I don’t think God is an engineer that uses differential equations on a continuum space. Maybe she is an engineer that uses category theory. Lubos, in English the phrase all but requires [the horizon] does not equate to has observed [the horizon]. If you are so keen on discussing the Milky Way BH, perhaps you could describe, using string theory, the process that leads to the observed powerful proton jet.

30. carlbrannen - April 9, 2009

The problem with having an incomplete theory is that it provides a method of organizing observations which occludes the otherwise obvious. For Sag A, the problem is that, “The stellar winds from nearby massive stars provide sufficient material to support luminosities more than 11 orders of magnitude greater than that observed!” That is a pretty big clue, and is in some contradiction with the definition of the horizon from the same paper: “The primary astrophysical importance of a horizon is that the gravitational binding energy liberated by material as it accretes can be advected into the black hole without any further observational consequence.”

The problem with concentrating on high level symmetries and things that can be theoretically attributed to lie on the event horizon is that even if Kea is right, and God is not an Engineer, it’s still ludicrous to imagine that these high level symmetries are at the foundations of the construction of the universe. The foundations of mineralogy is not the 100+ crystal classes, it is atoms. The foundations of biology is not bilateral symmetry, or cladistics, it is DNA and chemistry. A sword is not constructed of ideal surfaces intersecting at an infinitely sharp edge, it is composed of atoms and its sharpness and symmetry is only a consequence of its intended use; to understand it one must understand metallurgy which is based on atoms.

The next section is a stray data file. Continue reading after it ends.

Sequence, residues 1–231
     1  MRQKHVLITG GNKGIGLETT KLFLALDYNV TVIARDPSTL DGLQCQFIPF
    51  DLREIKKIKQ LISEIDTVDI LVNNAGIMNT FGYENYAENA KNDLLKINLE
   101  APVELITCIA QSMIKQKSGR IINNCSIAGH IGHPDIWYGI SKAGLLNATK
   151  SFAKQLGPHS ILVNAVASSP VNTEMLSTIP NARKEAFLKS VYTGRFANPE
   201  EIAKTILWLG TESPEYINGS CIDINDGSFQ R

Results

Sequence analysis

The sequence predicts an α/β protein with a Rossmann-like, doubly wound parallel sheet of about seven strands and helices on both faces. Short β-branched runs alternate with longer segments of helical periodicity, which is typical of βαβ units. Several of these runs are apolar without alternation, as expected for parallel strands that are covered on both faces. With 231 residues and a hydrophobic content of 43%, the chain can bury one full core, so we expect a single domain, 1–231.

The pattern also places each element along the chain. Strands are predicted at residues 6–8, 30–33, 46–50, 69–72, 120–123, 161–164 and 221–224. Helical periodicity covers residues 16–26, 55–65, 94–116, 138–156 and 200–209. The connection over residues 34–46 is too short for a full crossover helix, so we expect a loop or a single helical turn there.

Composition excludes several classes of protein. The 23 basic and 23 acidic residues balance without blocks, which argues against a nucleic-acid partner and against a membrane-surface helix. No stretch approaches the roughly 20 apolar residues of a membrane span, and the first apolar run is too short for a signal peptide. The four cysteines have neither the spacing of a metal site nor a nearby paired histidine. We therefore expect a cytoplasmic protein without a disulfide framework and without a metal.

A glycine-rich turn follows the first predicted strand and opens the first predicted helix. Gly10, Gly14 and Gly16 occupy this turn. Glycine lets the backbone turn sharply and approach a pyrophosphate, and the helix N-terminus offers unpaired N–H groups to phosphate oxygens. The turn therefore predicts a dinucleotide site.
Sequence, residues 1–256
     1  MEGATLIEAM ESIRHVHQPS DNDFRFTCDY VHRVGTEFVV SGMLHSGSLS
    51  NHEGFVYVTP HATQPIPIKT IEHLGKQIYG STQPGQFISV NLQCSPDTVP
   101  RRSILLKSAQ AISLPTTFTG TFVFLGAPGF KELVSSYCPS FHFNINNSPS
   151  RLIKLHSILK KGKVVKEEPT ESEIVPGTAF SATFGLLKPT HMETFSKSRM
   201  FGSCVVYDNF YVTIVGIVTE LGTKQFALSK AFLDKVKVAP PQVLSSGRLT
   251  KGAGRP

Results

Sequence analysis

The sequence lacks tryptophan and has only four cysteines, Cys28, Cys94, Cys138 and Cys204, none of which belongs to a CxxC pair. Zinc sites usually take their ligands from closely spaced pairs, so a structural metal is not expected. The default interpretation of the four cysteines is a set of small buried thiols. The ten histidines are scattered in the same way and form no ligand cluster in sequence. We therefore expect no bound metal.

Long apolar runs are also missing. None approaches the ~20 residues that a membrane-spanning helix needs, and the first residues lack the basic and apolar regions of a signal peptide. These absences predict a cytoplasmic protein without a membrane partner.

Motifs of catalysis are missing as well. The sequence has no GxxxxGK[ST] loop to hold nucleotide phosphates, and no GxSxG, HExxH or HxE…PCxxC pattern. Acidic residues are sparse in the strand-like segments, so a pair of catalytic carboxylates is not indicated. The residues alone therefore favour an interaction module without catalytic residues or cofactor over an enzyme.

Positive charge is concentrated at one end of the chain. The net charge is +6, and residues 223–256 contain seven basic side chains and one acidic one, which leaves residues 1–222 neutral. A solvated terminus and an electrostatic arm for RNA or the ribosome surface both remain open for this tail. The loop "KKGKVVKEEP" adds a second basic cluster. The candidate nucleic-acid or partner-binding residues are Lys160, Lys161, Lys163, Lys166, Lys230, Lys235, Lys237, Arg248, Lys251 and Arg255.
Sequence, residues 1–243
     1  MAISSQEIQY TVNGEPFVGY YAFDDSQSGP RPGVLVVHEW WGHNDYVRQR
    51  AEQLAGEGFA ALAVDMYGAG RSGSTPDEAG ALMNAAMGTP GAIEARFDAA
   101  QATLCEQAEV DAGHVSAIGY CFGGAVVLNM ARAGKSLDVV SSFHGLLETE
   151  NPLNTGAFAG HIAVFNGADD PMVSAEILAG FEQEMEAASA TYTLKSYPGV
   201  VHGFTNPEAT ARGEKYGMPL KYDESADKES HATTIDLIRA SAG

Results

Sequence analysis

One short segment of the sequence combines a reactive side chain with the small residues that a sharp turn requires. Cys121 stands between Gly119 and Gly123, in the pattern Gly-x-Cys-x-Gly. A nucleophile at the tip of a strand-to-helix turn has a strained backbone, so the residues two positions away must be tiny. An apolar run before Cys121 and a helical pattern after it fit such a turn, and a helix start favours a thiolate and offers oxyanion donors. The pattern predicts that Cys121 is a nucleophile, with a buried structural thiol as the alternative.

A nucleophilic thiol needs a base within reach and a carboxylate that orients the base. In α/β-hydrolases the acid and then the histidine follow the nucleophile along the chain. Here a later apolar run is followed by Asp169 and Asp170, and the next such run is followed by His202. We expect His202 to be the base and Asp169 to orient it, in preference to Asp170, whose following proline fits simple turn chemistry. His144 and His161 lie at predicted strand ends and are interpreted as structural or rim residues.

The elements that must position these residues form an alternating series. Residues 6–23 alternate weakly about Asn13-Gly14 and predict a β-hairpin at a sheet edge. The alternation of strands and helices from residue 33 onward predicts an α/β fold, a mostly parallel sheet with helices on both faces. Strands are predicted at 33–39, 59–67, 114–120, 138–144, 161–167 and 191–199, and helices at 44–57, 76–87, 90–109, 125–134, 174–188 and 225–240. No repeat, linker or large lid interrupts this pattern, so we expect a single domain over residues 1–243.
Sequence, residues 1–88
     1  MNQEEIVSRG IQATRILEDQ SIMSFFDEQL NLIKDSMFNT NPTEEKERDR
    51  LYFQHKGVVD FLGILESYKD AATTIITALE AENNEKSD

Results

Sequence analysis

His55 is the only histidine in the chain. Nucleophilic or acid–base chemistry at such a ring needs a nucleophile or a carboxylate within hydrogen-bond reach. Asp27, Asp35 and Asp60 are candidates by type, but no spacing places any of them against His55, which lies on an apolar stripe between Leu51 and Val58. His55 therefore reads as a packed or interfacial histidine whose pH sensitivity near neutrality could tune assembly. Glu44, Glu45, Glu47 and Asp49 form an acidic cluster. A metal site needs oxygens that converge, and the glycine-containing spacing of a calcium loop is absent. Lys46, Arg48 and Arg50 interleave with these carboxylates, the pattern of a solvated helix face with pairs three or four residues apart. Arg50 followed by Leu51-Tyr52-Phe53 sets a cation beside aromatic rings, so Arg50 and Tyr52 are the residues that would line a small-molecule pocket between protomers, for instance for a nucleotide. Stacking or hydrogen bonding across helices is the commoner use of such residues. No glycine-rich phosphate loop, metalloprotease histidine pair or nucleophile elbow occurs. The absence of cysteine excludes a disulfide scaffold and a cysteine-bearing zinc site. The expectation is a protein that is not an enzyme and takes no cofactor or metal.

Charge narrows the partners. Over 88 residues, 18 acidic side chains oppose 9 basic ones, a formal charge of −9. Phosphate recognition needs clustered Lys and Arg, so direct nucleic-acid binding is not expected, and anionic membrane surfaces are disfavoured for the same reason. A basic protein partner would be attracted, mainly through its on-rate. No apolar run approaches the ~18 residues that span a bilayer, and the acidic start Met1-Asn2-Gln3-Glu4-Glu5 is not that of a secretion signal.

31. dorigo - April 9, 2009

I thank all of you who contributed to this interesting thread. I abstained to comment since most of this is away from my area of expertise, but I did sit and watch it developing.

Cheers,
T.